Chemists Stay a Step Ahead of Drug Testers
Internet Offers New Steroids Designed to Be Undetectable
By Amy Shipley
Washington Post Staff Writer
Tuesday, October 18, 2005; Page E01
If members of Congress leading efforts to eradicate performance-enhancing drugs from athletics want to get an idea of just how difficult that will be, they need only turn to the Internet.
While the Bay Area Laboratory Co-Operative investigation continues in San Francisco and Major League Baseball officials argue with the players' union over what penalties should be handed down to drug offenders, the Web already offers a new generation of steroids designed to avoid current tests.
The Washington Post obtained five dietary supplements -- each of which touted its ability to build muscle fast -- available online and asked a prominent Los Angeles researcher to test them. Don Catlin, who directs the U.S. Olympic drug testing lab at UCLA, said four of the products contained previously undetected anabolic steroids. One contained a steroid that came to the attention of authorities just two years ago but, until now, was thought to be in only limited circulation.
"They are all steroids," Catlin said in a telephone interview after running tests on the substances, which are available in pill or liquid form. "They are all going to be effective." The Post reimbursed Catlin for the cost of testing the substances.
It is impossible to gauge the use of these so-called designer steroids. But their discovery shows how professional athletes, including Major League Baseball and National Football League players and Olympic athletes subject to regular, mandatory drug tests, continue to have at their disposal performance-enhancing products that are not detectable.
Catlin said the steroids are reminiscent of tetrahydrogestrinone, or THG, and norbolethone, the two steroids connected to BALCO, the Burlingame, Calif.-based nutritional supplements company whose clients included Barry Bonds of the San Francisco Giants and more than a dozen professional baseball and football players and track and field athletes. But unlike THG, which was sold secretly to elite athletes before Catlin discovered it in 2003, the five supplements obtained by The Post are widely available -- and affordable. Their costs ranged from $50 to $125 per bottle.
And this might just be the beginning. Two officials with prominent U.S. dietary supplement companies, who spoke on condition of anonymity, said it is easy for companies to outwit drug testers. "There's an unlimited pool of steroids," one official said. "You could do this for the next 100 years. . . . The longer they don't pay attention the [more rampant] it gets."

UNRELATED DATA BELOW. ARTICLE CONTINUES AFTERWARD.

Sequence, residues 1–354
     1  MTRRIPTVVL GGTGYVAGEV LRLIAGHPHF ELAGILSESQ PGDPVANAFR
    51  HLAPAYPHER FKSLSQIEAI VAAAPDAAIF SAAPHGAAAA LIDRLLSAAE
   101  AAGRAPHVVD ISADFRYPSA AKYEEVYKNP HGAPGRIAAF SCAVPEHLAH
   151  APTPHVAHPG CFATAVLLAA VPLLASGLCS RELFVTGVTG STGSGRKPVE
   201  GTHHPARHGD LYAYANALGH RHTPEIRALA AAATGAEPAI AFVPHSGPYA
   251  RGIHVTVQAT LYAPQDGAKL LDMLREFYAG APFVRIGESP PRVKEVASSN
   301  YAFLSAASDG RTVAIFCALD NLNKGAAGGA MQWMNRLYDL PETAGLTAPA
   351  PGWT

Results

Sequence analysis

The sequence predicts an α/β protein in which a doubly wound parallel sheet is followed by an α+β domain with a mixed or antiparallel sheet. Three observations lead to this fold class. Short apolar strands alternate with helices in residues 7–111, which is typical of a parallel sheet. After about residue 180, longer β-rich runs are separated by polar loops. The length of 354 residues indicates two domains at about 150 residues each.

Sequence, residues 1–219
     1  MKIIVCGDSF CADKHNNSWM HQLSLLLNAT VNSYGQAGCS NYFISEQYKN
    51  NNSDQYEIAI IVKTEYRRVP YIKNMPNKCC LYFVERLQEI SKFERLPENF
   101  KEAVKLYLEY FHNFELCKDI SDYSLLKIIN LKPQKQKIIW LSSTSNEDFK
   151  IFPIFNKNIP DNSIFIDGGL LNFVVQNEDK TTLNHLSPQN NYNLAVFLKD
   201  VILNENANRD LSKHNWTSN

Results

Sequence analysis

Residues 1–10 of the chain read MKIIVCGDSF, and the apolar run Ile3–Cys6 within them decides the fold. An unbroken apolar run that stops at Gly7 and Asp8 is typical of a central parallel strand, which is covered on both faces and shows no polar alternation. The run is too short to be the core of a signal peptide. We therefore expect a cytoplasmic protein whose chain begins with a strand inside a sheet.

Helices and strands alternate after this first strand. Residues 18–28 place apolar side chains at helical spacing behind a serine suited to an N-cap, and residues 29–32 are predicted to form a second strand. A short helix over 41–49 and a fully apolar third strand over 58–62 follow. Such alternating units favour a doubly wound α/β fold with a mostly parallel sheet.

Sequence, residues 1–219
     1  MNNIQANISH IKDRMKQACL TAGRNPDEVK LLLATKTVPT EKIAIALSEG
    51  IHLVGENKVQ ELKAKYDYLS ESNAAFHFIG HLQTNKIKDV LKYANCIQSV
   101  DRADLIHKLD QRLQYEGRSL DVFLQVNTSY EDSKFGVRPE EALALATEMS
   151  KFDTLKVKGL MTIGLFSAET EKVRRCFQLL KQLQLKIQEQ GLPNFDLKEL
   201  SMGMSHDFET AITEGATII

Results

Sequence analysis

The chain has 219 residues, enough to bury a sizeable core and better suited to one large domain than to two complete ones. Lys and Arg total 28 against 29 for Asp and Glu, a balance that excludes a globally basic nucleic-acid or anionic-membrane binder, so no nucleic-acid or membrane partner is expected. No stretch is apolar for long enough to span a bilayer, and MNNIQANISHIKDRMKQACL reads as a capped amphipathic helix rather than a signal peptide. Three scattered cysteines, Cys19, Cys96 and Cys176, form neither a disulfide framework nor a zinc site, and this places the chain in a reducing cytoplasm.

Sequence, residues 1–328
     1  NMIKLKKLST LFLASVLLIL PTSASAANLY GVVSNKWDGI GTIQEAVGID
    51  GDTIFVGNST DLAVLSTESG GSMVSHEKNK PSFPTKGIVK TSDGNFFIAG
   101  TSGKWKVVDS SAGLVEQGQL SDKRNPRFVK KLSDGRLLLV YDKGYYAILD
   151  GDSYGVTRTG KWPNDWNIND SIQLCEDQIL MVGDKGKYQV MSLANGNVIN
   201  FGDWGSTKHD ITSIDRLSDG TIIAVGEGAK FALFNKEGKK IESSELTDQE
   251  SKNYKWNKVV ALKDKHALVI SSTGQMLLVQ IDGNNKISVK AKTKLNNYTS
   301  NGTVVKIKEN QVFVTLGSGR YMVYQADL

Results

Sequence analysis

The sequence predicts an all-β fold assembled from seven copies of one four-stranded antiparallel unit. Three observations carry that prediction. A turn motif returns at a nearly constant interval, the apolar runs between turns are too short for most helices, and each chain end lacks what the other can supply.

Difficult Market to Stop
Despite all the attention being given to steroid use in sports, chemists have apparently been able to manufacture a steady stream of new steroids, often by just slightly altering the chemical properties of known banned drugs or by turning to long-forgotten recipes from steroid cookbooks from the 1950s and 1960s. "It's pretty obvious what's going on," Catlin said. The companies "are making tons of money. If they don't get caught, they turn on the spigot and turn out more."
"It's not very difficult for some smart chemist to bypass" the law, said Olivier Rabin, the science director at the World Anti-Doping Agency, which sets drug policy for many international sports. The Montreal-based agency announced last month that it would place the steroids in three of the products obtained by The Post on its 2006 list of banned drugs following an internal review that was not connected to Catlin's analysis.
The supplement company officials said the lenient sentences handed down in the BALCO probe seem to have emboldened U.S. companies to delve into the distribution of newly created designer steroids, moving an industry previously the secret domain of black-market chemists, tight-lipped middlemen and small groups of elite athletes into the mainstream.
BALCO founder Victor Conte, who admitted giving steroids and other drugs to athletes, negotiated a plea deal with federal prosecutors this year that included just four months imprisonment. Former NFL linebacker Bill Romanowski admits in a new book that he used Conte's designer steroids to avoid the league's drug testing program. "As soon as I found out something could be tested for, I stopped taking it," the book states, CBS News reported Sunday.
In response to the furor over the BALCO revelations, Congress this year held several high-profile hearings in which it heard testimony from athletes and sports league commissioners about steroid use. Lawmakers introduced four separate bills aimed at imposing federal drug-testing standing standards on professional sports, though none is expected to pass this year.
Chemists Stay a Step Ahead of Drug Testers
Officials within the dietary supplement industry said increasingly rigorous drug testing in U.S. professional sports and tougher anti-steroid laws -- the Anabolic Steroid Act of 2004 made 36 steroids illegal, bringing the total to 59 banned in the United States -- have sent the demand for undetectable steroids skyrocketing.
Catlin said that in more than 20 years in Olympic drug testing, he had found only three designer steroids, all between 2002 and 2004, before this summer, when The Post sent him the five dietary supplements. "THG was the thing that broke it all open," Catlin said. "It's a simple step to expect that more people will come into the market because there's money to be made."